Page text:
"One day, we were travelling in a bullock cart. "Subbamma, what do you want?" I asked her. She looked around and noticed that no one else was there. Then she said, "Swami, I don't want anything. But when I breathe my last, please sanctify my life by pouring water into my mouth with Your hands." I promised that I would fulfil her desire.

"Later, one day I had to go to Chennai in a hurry as desired by some devotees. I had to stay there for ten days. It was the war period. Once in every hour there used to be air-raid siren. The streets would become empty with that warning. Swami could not return to Puttaparthi. Meanwhile, Subbamma fell seriously ill. She was taken to Bukkapatnam. There she died. Her relatives started making sarcastic remarks: "Sai Baba gave word to her that He would pour water into her mouth at her last moments. Did He come? Where has He gone?"

"During My return journey, I stopped at the cremation ground as it was on the way. I saw some people there. The logs of wood were kept ready for cremation. "Who is going to be cremated?" I asked them. Washerman Subbanna was there. He said, "Swami, Subbamma died." "Is it! When did she die?" I enquired. "Three days ago, Swami," he replied. I went to the house where her body was kept. Her relatives were about to carry her for cremation. Her sister saw Me and started wailing. "Baba, she longed for Your arrival. She yearned that You would pour water into her mouth before she breathed her last. At last she died with that disappointment." I told her that there was no possibility for such an eventuality and asked her to fetch water in a tumbler. I put a basil leaf in the water and I removed the cloth from her face. Ants were crawling over her body as three days had already elapsed. "Subbamma," I called her. Immediately she opened her eyes. She held My hands and wept. "Subbamma, look here", I said. I wiped tears from her face with a towel. "Now close your eyes peacefully," I told her. I poured the sacred water into her mouth and kept My promise." (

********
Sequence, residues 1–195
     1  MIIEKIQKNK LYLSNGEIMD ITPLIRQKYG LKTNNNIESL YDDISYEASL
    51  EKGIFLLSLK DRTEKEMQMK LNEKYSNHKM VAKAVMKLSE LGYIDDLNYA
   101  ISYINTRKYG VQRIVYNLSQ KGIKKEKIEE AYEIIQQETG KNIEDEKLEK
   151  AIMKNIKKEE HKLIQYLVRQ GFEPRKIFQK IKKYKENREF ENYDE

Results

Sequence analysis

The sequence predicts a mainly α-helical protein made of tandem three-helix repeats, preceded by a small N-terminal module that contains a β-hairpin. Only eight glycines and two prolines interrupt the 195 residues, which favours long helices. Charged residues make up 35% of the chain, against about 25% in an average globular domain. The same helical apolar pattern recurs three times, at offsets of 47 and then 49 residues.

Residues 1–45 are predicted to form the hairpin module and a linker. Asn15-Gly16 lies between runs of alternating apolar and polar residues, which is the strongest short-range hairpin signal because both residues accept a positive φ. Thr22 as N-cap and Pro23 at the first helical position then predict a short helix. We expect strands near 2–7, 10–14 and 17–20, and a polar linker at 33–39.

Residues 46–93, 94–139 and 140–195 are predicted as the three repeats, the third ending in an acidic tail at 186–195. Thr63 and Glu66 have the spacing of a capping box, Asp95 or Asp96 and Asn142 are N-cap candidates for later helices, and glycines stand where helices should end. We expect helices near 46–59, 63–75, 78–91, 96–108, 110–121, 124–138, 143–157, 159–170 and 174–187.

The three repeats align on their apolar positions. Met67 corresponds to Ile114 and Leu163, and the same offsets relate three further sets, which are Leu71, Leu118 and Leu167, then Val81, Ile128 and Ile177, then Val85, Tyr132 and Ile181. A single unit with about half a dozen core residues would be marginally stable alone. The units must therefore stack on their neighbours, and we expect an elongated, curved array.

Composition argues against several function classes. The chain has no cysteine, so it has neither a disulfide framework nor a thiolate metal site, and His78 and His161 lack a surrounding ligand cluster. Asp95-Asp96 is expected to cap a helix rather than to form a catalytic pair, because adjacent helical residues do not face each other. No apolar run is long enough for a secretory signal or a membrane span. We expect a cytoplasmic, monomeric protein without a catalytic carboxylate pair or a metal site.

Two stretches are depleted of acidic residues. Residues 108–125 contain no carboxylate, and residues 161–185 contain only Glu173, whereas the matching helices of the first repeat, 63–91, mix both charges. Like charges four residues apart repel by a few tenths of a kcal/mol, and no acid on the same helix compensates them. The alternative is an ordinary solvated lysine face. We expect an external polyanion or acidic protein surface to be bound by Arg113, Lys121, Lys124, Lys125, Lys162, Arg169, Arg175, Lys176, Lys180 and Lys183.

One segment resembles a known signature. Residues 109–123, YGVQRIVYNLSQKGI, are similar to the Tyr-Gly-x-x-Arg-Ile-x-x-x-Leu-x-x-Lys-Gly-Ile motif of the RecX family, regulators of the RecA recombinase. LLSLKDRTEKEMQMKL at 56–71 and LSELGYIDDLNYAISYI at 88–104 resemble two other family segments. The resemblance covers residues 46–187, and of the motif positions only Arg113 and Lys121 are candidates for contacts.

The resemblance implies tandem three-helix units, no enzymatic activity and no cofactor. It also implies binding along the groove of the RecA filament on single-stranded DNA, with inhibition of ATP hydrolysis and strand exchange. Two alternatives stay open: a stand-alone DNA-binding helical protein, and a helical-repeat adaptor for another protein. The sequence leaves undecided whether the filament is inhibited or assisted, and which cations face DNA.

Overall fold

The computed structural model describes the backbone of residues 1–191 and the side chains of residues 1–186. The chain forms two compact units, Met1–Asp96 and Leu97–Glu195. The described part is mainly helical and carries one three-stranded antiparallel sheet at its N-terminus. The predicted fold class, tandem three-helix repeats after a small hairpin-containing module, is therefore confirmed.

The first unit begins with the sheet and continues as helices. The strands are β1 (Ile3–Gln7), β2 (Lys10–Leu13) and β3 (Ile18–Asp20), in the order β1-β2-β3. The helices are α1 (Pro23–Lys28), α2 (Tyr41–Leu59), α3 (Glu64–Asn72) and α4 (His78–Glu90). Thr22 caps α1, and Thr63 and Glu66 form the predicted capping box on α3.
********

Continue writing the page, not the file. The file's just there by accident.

Claiming Credit and Name-dropping

There are numerous occasions when SSB uses his Discourses to claim special credit and attention for himself. Here are three salient cases.

Present and future scholars of comparative religions and of the SSB phenomenon will be able to make an exhaustive study of similar unjustified or misleading assertions and boasts which are frequently found in statements by and about SSB and indiscriminately repeated by the SSO, spokespersons, writers, and devotees.

1. Jesus and "Ba-Ba"

On this occasion (1972: see Sathya Sai Speaks, Vol XI, Chapter 54), there is a detailed 10-page treatment of the Jesus story (especially useful for the majority of SSB's listeners who are Hindus). Jesus Christ is acknowledged and claimed as universal by SSB. But SSB uses this Discourse (on 24-12-72, in Bangalore), titled 'He whom Christ Announced', not only to comment ambivalently on the miracle of the star of Bethlehem but much more daringly, to make the breathtaking claim that Jesus actually foreshadowed the eventual coming of SSB himself, not as Jesus's successor, but as God the Father. SSB puts into the mouth of Jesus several prophetic references clearly describing SSB, including a reference to a lamb and to the word "Ba-Ba", imitating the sound of a lamb. This time we note that the printed version has one or two capital references to 'He' / 'Him' (rather than 'he', 'him').